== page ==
In Brewington v State of Indiana, newly appointed Supreme Court Chief Justice Loretta H. Rush based part of the Court’s decision in upholding my intimidation and attempted obstruction of justice of my divorce convictions on Dr. Edward J. Connor’s findings that I was “potentially dangerous.” Why did Dr. Connor say I was dangerous? Because Dr. Connor wrote a letter indicating he had ex parte communication with the first judge in my divorce, Carl H. Taul, and I told people about it. Chief Justice Rush said my conduct in sharing the information caused the alleged victims in my case to experience rational fear.
In a letter to my wife’s and my attorneys, dated February 25, 2008, Dr. Connor wrote:
Other than Dr. Connor’s own account, there was no record of the alleged conversation. [NOTE: Dr. Connor claimed Judge Taul was in agreement with charging the parties for correcting errors made by Dr. Connor] Judge Taul made no attempt to include the parties of the conversation or notify the parties of the supposed communication. On November 30, 1993, the Indiana Court of Appeals wrote the following in its decision in Garrard v Stone:
“Ind. Judicial Conduct Canon 3(B)(8) provides: A judge shall not initiate, permit, or consider ex parte communications, or consider other communications made to the judge outside the presence of the parties, concerning a pending or impending proceeding....”
Judge John Baker went on to write:
“Indeed, ‘[e]x parte communications by their nature suggest partiality.’ Tyson v. State (1993), Ind., 622 N.E.2d 457, 459 (Shepard, C.J., explaining recusal).” “Because the trial court conversed with Page outside the presence of the parties, we have no knowledge of their exchange or how it affected the trial judge's decision. Even the later testimony of a witness cannot cure the appearance of impropriety created by the trial judge's earlier initiation of an ex parte communication. Regardless of the witness' later testimony, the public cannot be sure that the court is impartial and not privy to information unavailable to the parties. It is the possibility that the trial judge gained knowledge not available to the parties which creates the appearance of impropriety.”
According to the Indiana Court of Appeals and the Judicial Code of Conduct, Judge Taul’s correspondence was unethical, or in the least improper. I thought posting the information on the internet was a public service. Dr. Connor said it was an indicator of my psychological disturbance. In Brewington v State, Justice Loretta H. Rush wrote:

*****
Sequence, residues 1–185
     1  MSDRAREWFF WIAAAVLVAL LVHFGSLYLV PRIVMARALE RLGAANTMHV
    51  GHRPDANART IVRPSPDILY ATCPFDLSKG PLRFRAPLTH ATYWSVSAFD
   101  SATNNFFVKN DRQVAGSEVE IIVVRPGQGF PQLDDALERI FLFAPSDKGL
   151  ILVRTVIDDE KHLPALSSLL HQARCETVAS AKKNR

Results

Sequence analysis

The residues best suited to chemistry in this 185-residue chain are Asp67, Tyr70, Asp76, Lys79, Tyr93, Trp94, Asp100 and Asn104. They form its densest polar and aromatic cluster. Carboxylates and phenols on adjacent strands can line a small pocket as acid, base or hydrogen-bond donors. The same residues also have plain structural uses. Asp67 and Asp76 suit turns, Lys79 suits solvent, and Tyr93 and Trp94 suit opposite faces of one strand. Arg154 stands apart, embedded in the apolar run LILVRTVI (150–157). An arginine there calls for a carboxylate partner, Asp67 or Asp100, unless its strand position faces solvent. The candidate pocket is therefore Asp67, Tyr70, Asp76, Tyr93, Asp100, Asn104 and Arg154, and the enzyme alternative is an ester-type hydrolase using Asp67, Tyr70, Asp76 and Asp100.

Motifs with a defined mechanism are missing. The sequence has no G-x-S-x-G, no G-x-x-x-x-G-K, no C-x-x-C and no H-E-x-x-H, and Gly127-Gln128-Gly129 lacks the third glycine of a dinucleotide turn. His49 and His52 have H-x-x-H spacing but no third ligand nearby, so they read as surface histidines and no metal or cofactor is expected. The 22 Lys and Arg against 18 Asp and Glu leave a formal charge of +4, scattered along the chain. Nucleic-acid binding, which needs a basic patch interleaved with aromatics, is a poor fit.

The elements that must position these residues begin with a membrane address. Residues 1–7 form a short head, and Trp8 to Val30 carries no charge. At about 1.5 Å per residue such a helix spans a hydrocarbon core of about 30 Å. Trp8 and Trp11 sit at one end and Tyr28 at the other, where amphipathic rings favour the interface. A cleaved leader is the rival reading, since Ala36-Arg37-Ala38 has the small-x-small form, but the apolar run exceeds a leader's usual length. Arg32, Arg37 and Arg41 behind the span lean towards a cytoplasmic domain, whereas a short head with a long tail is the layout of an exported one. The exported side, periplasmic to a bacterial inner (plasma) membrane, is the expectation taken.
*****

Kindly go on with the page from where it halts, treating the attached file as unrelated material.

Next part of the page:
“Moreover, he accused the Doctor and Carl Taul, the original divorce judge, of improper ex parte communications with each other, until Judge Taul eventually recused and appointed Judge Humphrey as special judge. See Ex. 120 (Order Naming Special Judge). Defendant considered his campaign a success as to Judge Taul, referring to the recusal frequently in subsequent blog posts. Exs. 160, 162, 167, 171, 191, 194. But even though those actions had led the Doctor to the professional opinion that Defendant was ‘potentially dangerous,’ he remained in the case. The Doctor ultimately opined that Defendant is paranoid, manipulative, ‘manic-like,’ ‘unwilling to accept responsibility for his behavior,’ self-centered, unreceptive to criticism, and ‘has difficulty seeing an issue from another’s perspective’—again, ‘a degree of psychological disturbance that . . . does not lend itself to proper parenting.’”
Despite Dr. Connor recommending I have liberal parenting time, Judge Humphrey terminated all my parenting time indefinitely pending a psychological examination and then proceeded to obstruct my ability to petition the Court for an approved evaluator. So I kept writing. Rather than acknowledge I was just writing about unethical conduct on the part of an Indiana judge and a Kentucky psychologist not licensed in the State of Indiana, Justice Rush claimed it was malicious conduct that helped lead to the alleged victims’ reasoning that I may try to abduct or murder their families. Justice Rush was aware of the ex parte communication because she referred to reviewing at least three different documents I authored; all of which included Dr. Connor’s letter dated February 25, 2008. Justice Rush turned a blind eye to the unethical conduct of Judge Taul and claimed my writings were a basis for fear. Justice Rush also said it was an attempt to obstruct justice in my divorce. It should be noted that Justice Rush served on the Juvenile Justice Improvement Committee with Judge Carl H. Taul and Judge James D. Humphrey for at least six years. Justice Rush continued to sit on the committee with Taul and Humphrey in 2014; several months after the Supreme Court heard oral arguments in my case on September 12, 2013 and before she issued an opinion on May 1, 2014. Putting it simply, the newly appointed Chief Justice of the Indiana Supreme Court, Loretta H. Rush, did not find it to be improper to continue to sit on a committee with a colleague/friend who was a “victim” in a criminal case while she was writing the opinion on the criminal case involving the same colleague/friend/victim for the Indiana Supreme Court. This may explain where Justice Rush received her reports of my alleged violence toward Judge Humphrey despite there never being any such claim anywhere in the trial record. The day after the Indiana Supreme Court filed their opinion written by Justice Rush, attacking me for telling people Judge Taul and Dr. Connor engaged in unethical communications, Justice Rush was sitting with Judge Taul at the May 2, 2014 meeting as fellow members of the Juvenile Justice Improvement Committee. And they claim my psychological dysfunction increases with every word I write about them. Please join me on my #RunAgainstRush this November to help raise awareness of the Constitutional deficiencies of the Indiana Supreme Court.